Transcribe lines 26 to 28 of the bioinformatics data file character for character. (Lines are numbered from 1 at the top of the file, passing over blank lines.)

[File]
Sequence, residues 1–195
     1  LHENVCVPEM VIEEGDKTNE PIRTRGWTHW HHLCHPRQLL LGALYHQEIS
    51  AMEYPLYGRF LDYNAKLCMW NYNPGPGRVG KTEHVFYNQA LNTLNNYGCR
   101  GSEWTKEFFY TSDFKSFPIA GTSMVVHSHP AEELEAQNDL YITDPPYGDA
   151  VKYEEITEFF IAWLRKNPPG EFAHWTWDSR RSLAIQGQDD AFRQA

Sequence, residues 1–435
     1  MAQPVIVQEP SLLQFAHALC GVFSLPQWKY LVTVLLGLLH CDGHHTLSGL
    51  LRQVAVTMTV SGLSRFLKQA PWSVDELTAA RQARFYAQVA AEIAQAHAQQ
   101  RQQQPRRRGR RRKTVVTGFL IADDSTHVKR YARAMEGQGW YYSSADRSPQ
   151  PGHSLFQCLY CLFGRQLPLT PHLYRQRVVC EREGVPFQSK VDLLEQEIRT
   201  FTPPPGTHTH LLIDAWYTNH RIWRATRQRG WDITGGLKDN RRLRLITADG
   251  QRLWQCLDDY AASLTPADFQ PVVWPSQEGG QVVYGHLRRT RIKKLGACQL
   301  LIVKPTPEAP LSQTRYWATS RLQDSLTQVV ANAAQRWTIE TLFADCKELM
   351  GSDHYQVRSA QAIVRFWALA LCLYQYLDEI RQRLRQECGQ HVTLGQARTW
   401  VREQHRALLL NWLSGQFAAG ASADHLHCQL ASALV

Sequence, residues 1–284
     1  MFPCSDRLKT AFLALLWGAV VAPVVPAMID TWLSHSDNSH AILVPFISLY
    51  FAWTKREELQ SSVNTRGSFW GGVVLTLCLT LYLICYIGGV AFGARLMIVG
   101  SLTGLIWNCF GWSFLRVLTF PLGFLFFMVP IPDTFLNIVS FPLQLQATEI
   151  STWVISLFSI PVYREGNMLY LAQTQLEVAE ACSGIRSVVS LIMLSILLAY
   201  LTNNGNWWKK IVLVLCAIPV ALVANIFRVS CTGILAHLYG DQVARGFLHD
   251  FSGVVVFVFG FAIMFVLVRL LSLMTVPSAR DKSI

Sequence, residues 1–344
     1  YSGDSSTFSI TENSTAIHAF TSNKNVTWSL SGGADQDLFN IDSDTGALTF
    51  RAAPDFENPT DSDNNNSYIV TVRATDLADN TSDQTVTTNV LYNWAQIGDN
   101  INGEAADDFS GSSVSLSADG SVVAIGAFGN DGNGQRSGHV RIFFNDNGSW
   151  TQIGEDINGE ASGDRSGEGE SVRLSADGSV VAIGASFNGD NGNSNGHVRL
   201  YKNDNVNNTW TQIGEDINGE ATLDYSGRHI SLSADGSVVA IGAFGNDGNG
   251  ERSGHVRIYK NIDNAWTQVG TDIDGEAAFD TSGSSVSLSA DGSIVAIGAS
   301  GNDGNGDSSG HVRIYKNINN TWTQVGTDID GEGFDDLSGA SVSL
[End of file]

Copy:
   101  INGEAADDFS GSSVSLSADG SVVAIGAFGN DGNGQRSGHV RIFFNDNGSW
   151  TQIGEDINGE ASGDRSGEGE SVRLSADGSV VAIGASFNGD NGNSNGHVRL
   201  YKNDNVNNTW TQIGEDINGE ATLDYSGRHI SLSADGSVVA IGAFGNDGNG